Monday, 12 January 2009

The Great Facebook Rights Grab

Not a lot of people realise this, but when you post any content onto facebook, be that photos or text, you are granting facebook a licence to use your images for any purpose they like. This aspect of facebook is starting to get a little publicity now from PhotoAttourney and there are facebook groups dedicated to pressuring facebook into changing their terms. The biggest I have found so far is here

I discussed this with a well known pro photographer a while back and his take on it was that Facebook was now the second largest collection of images on the internet and that they would never dare upset their users by using their images in this way. But what if facebook changed ownership or went into administration, the new owners could sub-licence the images to a library and there wouldn't be a lot you could do about it.

If they never intend on using the rights that their terms of service grab, then why not change them?

In the comments, James Hill pointed out that Facebook now host 10 Billion images. Its interesting to note that Doug Beaver, a representative of facebook, replied to one of the comments in the linked article saying, "I think we're focused on the social aspect of sharing photos with your friends at the moment. Perhaps we will find ways to monetize photos in the future, but right now I think we want to make it the best social photo product out there."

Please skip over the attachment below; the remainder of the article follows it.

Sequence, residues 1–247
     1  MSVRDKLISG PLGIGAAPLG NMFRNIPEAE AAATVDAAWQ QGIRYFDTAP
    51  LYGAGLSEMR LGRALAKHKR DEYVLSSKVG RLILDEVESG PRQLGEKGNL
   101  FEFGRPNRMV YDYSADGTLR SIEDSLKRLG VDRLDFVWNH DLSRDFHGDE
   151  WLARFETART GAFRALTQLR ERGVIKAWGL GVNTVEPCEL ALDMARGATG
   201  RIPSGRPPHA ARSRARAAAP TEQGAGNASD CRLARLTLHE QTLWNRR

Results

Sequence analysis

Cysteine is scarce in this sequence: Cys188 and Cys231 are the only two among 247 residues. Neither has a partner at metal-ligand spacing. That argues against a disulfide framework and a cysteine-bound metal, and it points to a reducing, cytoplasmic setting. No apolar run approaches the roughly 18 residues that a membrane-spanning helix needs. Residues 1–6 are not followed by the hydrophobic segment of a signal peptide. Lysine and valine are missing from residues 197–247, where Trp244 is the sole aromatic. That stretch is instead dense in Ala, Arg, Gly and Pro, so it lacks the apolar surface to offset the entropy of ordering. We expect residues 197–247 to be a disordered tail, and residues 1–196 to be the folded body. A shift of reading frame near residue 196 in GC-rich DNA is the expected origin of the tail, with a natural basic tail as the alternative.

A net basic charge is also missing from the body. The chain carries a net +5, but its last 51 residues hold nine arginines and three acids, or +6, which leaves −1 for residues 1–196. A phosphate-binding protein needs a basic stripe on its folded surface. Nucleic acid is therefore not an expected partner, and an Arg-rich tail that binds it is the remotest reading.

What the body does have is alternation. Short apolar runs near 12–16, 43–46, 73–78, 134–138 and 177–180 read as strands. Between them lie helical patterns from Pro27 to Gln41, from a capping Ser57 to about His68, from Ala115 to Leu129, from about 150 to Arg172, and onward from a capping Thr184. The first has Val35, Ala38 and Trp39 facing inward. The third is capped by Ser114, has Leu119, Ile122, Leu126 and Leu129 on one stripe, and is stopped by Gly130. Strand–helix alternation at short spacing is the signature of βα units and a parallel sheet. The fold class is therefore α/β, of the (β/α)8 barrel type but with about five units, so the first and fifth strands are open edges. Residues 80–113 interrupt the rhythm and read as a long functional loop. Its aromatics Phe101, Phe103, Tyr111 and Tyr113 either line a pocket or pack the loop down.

So they aren't planning on making money out of your photos now, but they are thinking about it


  1. Yeah this has been a problem for me since the beginning, I don't post any content to facebook, and when friends ask me for my photos to put on their facebook, or to use as their profile photos I have to politely decline (meanwhile try and inform as many of them of the bs rights they have imposed)... which is a shame as it's one of the best tools for getting images out there.

    But why would they change... they have no reason to... they announced late last year that they just reached the 10 billion unique photo mark, that's a lot of content from willing/ignorant users.

  2. I never realised that but have started putting branding on any pictures I put on-line now. Really thinking that if client's or anyone else use them there may be some positive come back.

    Facebook compresses files so much they would not be suitable for commercial use IMHO.

    Also if you get link backs to your website that is worth more to you than your images to them.

    Personally I don't think it's anything to be concerned about as long as you're not putting up high resolution images.

  3. Putting branding on the images and low res is a good idea Pat, but first people need to be aware of the issue.

    There is no requirement for facebook to link back to your images so you are not getting any value there.

    The images are good enough for web use. Also the goofy picture you posted of yourself might be good enough to show your friends on FB but you wouldn't want to see it being used in a defamatory manner as part of a viral ad campaign on the net.